"Sometimes, going Back Home makes me feel understood; sometimes alienated, as if it no longer represents me at all. But this means it worked. This is the job of home: to teach you how to go out and make your own . . . My Back Home self still lives with me here, with her insecurities and melancholy, but she's accompanied by grown-up confidence and gratitude for just how lovely home can be. In this place, I can be who I was then, who I am now, and who I may yet become. This is home, at last."

December 1, 2014

33 wedding-day memories i hope i never forget.

Over the weekend, we made our first trip back to our wedding venue since the big day. We live only orty minutes from the Napa resort, but for whatever reason, we haven't stopped by. Maybe because it feels a bit sacred, somehow, as if it needs to be saved for a special occasion. In any case, we were able to stay the night thanks to a sweet anniversary present, and I was surprised by how surreal it felt. We (of course) felt nostalgic, and as we stood beneath the arch of oak trees where we said "I do," I thought about all the things I don't want to forget about our wedding. And so, two and a half years later...

33 Wedding-Day Memories I Hope I Never Forget

1. Waking up to my mom's voice as she sang, "Happy wedding day to you, happy wedding day to you, happy wedding day, Mrs. Almost Meyers, happy wedding day to you!"

2. All the bridesmaids sipping on canned Sofia Champagne while getting ready.

3. My dad walking in with a shrug and his signature smirk, saying, "Looking good, kid."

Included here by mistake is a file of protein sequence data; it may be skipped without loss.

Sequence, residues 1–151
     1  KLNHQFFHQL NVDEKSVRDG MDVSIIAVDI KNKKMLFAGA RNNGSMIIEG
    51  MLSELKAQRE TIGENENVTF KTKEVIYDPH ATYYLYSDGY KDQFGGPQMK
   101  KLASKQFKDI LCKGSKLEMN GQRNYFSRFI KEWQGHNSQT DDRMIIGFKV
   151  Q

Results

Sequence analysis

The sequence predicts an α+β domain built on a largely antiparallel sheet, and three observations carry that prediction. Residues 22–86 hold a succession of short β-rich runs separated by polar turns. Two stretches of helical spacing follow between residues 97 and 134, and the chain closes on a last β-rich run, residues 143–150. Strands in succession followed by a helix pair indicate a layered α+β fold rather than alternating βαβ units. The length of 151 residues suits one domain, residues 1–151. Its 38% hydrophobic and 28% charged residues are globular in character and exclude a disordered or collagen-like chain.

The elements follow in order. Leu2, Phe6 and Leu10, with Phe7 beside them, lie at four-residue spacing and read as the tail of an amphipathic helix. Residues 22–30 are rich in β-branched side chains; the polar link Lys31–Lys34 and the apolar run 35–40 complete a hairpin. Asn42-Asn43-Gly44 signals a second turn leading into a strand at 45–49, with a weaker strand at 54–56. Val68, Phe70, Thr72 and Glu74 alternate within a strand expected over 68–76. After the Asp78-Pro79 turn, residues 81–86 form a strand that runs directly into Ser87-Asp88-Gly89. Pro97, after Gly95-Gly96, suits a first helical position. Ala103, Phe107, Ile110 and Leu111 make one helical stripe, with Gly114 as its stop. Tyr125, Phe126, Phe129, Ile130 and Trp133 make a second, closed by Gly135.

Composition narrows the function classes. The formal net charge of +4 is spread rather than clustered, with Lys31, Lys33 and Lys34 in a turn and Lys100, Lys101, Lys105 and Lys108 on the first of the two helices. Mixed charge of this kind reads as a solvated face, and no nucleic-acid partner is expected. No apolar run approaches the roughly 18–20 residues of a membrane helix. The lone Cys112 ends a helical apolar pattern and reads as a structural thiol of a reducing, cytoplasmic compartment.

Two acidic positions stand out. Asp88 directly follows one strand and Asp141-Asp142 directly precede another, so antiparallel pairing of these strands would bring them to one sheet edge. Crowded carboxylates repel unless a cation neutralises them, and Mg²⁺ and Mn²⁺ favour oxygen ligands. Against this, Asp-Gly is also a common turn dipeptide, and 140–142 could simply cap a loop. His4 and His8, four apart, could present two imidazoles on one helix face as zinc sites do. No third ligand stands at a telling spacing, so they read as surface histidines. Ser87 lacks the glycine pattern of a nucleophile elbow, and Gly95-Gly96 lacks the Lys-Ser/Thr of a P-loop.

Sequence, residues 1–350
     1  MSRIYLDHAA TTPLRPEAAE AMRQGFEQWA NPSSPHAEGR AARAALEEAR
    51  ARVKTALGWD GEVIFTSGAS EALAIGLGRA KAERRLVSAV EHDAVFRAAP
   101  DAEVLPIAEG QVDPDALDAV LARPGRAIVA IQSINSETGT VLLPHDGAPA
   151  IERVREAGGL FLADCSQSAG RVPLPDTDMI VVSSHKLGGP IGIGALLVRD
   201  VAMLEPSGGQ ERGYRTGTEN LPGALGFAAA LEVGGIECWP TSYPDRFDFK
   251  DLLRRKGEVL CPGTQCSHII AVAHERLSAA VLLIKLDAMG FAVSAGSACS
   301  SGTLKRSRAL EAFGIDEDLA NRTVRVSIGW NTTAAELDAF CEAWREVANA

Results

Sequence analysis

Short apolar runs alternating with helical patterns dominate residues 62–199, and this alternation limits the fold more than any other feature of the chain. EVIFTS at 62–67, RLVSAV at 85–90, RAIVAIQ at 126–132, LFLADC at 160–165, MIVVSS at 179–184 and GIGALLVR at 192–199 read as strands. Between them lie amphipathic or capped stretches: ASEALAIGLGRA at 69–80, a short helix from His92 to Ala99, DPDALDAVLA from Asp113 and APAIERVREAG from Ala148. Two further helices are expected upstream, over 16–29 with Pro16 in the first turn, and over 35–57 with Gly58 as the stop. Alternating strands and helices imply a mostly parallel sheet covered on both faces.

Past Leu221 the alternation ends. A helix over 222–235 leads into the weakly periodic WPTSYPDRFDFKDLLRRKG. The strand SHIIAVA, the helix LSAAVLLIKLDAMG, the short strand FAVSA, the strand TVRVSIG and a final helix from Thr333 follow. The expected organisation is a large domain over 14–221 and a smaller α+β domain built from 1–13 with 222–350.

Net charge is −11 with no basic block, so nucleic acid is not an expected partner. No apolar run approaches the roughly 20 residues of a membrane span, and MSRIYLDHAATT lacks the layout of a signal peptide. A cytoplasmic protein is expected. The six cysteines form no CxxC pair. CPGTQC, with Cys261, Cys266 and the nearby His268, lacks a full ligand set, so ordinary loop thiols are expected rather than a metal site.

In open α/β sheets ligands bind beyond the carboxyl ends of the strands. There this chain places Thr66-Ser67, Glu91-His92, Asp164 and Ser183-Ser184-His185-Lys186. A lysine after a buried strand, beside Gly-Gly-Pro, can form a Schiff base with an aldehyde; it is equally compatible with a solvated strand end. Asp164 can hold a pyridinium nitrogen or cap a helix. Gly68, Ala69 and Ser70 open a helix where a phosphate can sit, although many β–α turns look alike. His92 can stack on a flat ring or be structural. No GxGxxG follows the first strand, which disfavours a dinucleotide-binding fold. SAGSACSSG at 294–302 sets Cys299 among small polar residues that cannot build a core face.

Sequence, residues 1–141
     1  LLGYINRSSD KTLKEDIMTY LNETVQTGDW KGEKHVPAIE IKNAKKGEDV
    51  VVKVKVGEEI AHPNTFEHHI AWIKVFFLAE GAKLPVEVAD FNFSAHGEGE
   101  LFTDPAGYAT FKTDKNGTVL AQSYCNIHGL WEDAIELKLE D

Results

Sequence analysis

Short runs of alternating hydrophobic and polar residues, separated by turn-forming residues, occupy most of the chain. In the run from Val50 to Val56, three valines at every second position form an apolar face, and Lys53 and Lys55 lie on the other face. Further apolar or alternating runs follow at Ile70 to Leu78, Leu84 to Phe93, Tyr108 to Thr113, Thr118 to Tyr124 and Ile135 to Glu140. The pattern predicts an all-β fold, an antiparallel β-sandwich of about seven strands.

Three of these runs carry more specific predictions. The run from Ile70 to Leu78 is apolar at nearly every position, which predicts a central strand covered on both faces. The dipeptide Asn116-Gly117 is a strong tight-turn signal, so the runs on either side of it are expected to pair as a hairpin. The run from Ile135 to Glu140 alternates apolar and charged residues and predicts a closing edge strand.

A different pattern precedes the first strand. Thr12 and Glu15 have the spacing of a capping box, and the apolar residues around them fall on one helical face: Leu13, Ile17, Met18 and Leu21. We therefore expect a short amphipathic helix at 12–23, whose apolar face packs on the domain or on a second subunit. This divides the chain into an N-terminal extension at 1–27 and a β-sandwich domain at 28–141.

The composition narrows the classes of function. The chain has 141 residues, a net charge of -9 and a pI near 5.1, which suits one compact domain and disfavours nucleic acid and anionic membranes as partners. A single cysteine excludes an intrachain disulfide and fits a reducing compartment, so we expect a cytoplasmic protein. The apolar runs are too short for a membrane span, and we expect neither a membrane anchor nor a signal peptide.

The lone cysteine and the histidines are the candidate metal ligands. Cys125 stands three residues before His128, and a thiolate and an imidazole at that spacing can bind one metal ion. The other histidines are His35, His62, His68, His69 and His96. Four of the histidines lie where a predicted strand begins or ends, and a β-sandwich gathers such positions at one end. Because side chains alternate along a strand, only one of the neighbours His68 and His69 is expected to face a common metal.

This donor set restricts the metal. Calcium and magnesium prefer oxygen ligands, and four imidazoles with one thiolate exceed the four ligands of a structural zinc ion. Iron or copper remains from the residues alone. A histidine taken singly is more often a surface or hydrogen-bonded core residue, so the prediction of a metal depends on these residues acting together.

4. Stepping into my giant dress, all the girls and my mom around me.

5. The silence, and the sound of my dress rustling against the brick walkway as I approached Radley for our first look. And how he raised his hands up in the air when he turned around.

6. The bridal party packing into a white van to go take pictures, my dress spilling onto Radley.

7. My dad taking my arm to lead me down the aisle, and the clouds parting right in that moment as he said, "And there's the sun, Marie. Just for you." (That was my cue to cry.)

8. Radley's tight-lipped, trying-not-to-cry smile at the end of the aisle.

9. Scanning the crowd and feeling, in the most surreal way, buoyed by our friends and family.

10. Finishing my vows, catching Radley's eye, and cracking up as he joked, half to the crowd and half to me, "This isn't fair. She's a writer!"

11. This line of Radley's vows: "I promise to always find time for our love."

12. My veil slipping off as we made our way back down the aisle, delirious with joy, and Radley catching the veil as it fell. The most perfect imperfection.

13. The biggest, best hug fest in the entire world as everyone came to congratulate us.

14. Slipping away with Radley to take pictures, and the look of sheer amazement on his face as he whispered, "Can you believe this? Can you believe it's really happening?"

15. Joining the cocktail party and laughing at all the drink chuggers.

16. The bridal party's really, really incredible dance moves during the introductions.

17. Swallowing so, so hard as my dad delivered his toast, and the ridiculously sweet look on my brother's face when he gave him a birthday shout out, since he turned 30 the next day.

18. Bursting out with a big cackle-laugh in the middle of our first dance when Radley whispered, "Damn, I didn't realize how long this song was..."

19. *NSYNC playing right at the start, and everyone being just as excited about it as I was.

20. Radley's uncle pulling up his shirt and tying it at his chest, then standing on stage to lead the most ridiculous, amazing "YMCA" singalong in the history of YMCA singalongs.

21. Rocking out to Salt-N-Pepa like our lives depended on it.

21. Cutting the cake, then walking over to the cookie tray, where Radley and I both ate giant peanut-butter cookie sandwiches in one bite. (Nobody does it like Susie Cakes.)

22. The DJ turning to me and saying, "I've had a lot of wild groups. This one takes the cake."